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difference between 2 deco models

Discussion in 'Ask Dr. Decompression' started by miglanc, Mar 30, 2004.

  1. miglanc

    miglanc Guest

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    Hi. Do you know the difference between ZHL16B and ZHL16C deco models or maybe tables? I was wondering why the first model shows longer deco when using trimix 21/35 (max depth 45m/147ft, bottom time 20 minutes, deco gases: O2 and EAN50) then air. But when I changed to ZHL16C outcome was different. Trimix needs shorter deco then air. It was counted using GUE Decompression Planner.
     
  2. gkndivebum

    gkndivebum CCR Instructor

    # of Dives:
    Location: Kona, Hawaii
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    As I understand it, ZHL-16B is designed for generating tables, and ZHL-16C is slightly more conservative and is designed for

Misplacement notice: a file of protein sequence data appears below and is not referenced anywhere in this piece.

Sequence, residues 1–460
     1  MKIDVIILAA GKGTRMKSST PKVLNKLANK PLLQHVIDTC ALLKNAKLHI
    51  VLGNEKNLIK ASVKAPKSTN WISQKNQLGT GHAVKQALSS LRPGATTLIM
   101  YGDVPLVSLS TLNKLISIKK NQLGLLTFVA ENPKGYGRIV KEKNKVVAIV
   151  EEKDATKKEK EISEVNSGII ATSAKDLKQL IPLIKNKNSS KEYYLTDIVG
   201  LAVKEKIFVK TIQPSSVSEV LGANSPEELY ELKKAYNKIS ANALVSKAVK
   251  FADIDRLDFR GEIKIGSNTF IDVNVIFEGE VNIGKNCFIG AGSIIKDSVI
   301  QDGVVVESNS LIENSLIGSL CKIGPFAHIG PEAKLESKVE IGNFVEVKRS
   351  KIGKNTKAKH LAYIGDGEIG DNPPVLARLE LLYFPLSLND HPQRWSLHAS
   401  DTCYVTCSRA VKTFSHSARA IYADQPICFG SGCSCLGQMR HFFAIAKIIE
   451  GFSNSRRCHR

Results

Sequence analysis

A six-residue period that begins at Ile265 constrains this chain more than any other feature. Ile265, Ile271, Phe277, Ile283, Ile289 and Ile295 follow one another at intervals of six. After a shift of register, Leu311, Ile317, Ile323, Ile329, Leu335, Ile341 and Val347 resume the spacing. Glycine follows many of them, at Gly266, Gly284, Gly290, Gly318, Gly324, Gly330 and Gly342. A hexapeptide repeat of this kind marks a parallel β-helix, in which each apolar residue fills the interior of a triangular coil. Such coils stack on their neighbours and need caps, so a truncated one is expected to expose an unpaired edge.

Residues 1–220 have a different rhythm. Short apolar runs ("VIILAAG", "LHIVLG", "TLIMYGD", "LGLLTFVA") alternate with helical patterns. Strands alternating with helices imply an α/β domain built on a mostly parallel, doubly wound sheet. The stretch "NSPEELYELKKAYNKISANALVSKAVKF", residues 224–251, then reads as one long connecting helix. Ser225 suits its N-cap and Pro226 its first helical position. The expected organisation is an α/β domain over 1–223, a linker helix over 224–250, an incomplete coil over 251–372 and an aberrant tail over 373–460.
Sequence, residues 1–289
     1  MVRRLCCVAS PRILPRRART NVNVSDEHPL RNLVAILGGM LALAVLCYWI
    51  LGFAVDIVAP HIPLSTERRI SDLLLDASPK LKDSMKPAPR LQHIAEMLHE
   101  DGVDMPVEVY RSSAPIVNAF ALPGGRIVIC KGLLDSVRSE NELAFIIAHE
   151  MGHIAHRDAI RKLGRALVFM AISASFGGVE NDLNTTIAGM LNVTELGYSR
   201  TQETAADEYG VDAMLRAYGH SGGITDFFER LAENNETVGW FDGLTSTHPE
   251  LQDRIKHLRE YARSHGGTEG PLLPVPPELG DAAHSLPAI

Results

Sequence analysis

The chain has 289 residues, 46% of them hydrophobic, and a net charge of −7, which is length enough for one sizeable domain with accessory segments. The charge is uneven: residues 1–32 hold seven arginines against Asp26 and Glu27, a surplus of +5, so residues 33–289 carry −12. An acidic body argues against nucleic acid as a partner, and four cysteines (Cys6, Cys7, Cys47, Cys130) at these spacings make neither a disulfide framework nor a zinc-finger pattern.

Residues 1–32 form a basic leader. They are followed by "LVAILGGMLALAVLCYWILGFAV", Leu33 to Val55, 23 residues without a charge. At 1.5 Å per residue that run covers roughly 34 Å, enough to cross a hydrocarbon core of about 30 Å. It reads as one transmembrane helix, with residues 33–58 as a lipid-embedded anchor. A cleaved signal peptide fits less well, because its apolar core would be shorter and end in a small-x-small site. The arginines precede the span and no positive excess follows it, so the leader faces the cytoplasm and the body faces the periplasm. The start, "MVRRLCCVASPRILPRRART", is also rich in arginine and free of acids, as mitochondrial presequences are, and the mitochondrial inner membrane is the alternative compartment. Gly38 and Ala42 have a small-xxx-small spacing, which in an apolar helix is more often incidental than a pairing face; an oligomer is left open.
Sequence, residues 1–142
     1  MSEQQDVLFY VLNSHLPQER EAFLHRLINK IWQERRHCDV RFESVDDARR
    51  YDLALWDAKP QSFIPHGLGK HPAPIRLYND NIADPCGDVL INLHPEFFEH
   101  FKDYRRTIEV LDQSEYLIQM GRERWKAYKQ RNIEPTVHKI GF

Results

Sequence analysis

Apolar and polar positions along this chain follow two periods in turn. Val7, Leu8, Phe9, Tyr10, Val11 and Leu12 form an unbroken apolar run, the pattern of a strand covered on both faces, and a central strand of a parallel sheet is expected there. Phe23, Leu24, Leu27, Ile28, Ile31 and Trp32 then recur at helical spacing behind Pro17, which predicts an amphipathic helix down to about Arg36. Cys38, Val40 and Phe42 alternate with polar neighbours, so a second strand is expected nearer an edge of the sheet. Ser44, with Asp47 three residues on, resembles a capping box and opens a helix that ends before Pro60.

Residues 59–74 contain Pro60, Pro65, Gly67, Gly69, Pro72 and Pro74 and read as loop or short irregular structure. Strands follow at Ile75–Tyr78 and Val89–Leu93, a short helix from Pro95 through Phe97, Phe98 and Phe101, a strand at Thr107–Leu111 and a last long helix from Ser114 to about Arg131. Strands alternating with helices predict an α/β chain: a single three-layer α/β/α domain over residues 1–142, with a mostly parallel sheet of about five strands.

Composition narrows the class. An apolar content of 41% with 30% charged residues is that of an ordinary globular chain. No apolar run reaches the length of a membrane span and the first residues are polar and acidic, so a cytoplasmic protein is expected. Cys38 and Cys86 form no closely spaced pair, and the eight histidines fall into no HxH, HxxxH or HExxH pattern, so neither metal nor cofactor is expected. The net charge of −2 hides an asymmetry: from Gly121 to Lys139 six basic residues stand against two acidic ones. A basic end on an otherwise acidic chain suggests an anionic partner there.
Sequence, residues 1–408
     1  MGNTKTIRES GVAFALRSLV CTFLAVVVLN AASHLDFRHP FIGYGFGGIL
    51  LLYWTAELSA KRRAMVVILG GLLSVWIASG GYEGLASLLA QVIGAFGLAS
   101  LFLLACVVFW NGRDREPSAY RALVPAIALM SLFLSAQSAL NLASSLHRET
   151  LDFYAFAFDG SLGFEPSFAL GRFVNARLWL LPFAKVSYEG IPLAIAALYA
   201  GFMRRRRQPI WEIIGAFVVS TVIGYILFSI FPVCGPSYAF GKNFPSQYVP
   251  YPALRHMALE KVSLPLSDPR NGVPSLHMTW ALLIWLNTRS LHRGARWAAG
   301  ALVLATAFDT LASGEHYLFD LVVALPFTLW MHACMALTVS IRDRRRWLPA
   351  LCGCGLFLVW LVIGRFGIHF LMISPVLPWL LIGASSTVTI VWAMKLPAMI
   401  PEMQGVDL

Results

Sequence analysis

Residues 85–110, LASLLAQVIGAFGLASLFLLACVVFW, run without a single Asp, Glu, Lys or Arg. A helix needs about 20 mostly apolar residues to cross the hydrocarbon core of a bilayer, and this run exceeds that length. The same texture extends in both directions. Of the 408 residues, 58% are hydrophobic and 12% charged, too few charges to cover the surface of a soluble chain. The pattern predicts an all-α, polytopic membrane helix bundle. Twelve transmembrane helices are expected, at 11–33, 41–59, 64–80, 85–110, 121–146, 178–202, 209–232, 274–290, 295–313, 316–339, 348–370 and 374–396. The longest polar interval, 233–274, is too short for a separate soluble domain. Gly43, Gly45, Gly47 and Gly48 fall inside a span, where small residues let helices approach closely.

implementation in dive computers. The A/B coefficients are slightly different between the two.

    As an aside, the coefficients for He are from ZHL-16A, which I understand was for "theoretical" use only.

    Clarification appreciated if I've gotten this wrong.

    Best -

    gkn
     
  3. Dr Deco

    Dr Deco Medical Moderator Staff Member

    # of Dives: I just don't log dives
    Location: Issaquah [20 miles east of Seattle], Washington.
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    Hello Readers:

    I do not know the reason for the difference. :06: We await some reader to jump in on this one.

    Dr Deco :doctor:
     
  4. Diver0001

    Diver0001 Instructor, Scuba

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    This might help:

    Translated in layman's terms he says that the M values are different between the various models. "A" being useless for practical purposes. "B" being some kind of baseline and "C" being more conservative.

    The actual differences in detail can be seen in this table:

    A B C
    106.4 same same
    97.3 same same
    83.2 same same
    73.8 same same
    66.8 same same